TAC: What Ron Paul Delegates Can Do - A Game Plan for TampaSubmitted by Bryan96 on Mon, 07/16/2012 - 20:05
The GOP has a long tradition--shared by George Romney--of open disagreement at the convention.
By Jeff Taylor • July 16, 2012
The American Conservative
A recent Huffington Post piece highlights the possible use of Rule 40 by the Ron Paul campaign at the national convention in Tampa. The story seems more interested in the prospect that the Republicans’ gathering could become “convention chaos” than in putting the tactic into the context of freedom of expression, democratized politics, or convention history. Unfortunately, deep thinking and historical awareness are rarities among mainstream pundits on both sides of the aisle.
Rule 40 allows a presidential candidate to have his name formally placed in nomination — through nominating and seconding speeches — at the Republican National Convention if his candidacy has the support of a plurality of delegates within at least five state delegations. For months, the question on the minds of Paul supporters has been, “Do we have five states?” Maine, Minnesota, and Iowa are clearly in the Paul camp. Then there are states in which a plurality of delegates are pledged to Romney but are personally committed to Paul. Finally, there are states that have had divisive state conventions, which resulted in murky outcomes. Nevada, Colorado, Massachusetts, Virginia, Louisiana, Oklahoma, and Arizona may fall into the latter two categories. (Apparently, Rule 40 does not specify that the plurality has to be bound to the candidate it wishes to place in nomination. Despite press reports that the result at Nebraska’s state convention ensured that Paul’s name won’t be entered, the Credentials and Rules committees in Tampa may decide otherwise.)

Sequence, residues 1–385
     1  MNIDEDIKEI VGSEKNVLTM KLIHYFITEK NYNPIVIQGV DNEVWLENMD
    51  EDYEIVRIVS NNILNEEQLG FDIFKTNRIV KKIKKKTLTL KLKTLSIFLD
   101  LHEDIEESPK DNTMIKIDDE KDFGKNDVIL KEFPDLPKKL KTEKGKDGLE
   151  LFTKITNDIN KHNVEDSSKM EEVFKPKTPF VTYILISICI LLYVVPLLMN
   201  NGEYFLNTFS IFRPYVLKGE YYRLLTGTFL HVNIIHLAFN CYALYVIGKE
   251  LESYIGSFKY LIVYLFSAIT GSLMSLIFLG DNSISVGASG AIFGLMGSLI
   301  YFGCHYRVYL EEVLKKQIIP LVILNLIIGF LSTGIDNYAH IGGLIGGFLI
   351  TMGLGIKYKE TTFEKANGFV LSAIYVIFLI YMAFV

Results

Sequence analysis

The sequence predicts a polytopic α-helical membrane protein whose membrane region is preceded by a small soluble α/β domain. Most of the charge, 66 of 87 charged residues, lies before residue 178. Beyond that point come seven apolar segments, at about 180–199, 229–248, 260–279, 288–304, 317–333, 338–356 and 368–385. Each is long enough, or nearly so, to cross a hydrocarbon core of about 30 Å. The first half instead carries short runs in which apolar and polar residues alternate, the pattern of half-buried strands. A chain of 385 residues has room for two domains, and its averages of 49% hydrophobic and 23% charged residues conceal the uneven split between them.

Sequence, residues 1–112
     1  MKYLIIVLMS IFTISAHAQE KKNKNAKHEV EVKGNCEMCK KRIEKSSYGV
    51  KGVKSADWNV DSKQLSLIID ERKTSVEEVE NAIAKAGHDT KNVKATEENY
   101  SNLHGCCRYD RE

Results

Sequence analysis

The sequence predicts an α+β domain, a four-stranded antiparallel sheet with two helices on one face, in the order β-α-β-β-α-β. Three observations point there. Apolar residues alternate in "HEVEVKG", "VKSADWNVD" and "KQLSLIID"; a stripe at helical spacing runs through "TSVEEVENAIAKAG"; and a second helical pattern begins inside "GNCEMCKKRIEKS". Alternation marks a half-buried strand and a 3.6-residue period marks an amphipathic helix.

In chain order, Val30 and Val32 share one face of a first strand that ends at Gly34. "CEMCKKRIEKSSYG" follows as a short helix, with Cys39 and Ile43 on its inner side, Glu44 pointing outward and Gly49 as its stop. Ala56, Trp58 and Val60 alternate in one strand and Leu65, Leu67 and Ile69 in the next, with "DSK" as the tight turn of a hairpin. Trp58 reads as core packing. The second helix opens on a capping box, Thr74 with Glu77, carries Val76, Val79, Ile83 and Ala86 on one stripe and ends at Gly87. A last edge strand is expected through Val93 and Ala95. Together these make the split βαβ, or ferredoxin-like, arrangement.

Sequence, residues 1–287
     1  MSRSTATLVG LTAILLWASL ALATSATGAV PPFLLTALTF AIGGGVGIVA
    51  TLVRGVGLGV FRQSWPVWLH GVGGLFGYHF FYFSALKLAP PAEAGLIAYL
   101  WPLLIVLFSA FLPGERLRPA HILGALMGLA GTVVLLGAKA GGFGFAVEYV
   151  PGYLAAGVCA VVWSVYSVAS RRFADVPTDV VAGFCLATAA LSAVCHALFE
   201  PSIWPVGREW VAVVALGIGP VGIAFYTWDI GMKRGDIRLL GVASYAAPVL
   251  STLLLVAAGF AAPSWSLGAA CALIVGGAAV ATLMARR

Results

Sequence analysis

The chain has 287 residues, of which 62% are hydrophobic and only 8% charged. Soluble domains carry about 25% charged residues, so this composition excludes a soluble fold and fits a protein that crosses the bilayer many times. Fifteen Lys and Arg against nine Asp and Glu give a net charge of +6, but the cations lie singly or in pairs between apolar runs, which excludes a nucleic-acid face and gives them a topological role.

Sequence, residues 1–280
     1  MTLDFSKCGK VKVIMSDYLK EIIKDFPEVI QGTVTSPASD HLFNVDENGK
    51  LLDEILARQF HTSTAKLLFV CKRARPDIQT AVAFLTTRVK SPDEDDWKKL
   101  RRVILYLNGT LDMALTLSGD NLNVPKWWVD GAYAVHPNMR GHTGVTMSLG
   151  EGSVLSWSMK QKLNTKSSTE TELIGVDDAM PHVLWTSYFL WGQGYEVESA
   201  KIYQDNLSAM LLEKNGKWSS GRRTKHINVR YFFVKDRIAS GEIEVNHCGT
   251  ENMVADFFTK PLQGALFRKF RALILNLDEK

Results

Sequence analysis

Some have confused the five-state rule, which applies to the eligibility of a candidate to be placed in nomination, with the ability of delegates to vote for a candidate during the presidential roll-call balloting. A candidate need not be placed in nomination to be on the receiving end of delegate votes. A delegate is free to vote for whomever he or she wishes, unless that delegate is bound to a candidate who remains in the race.
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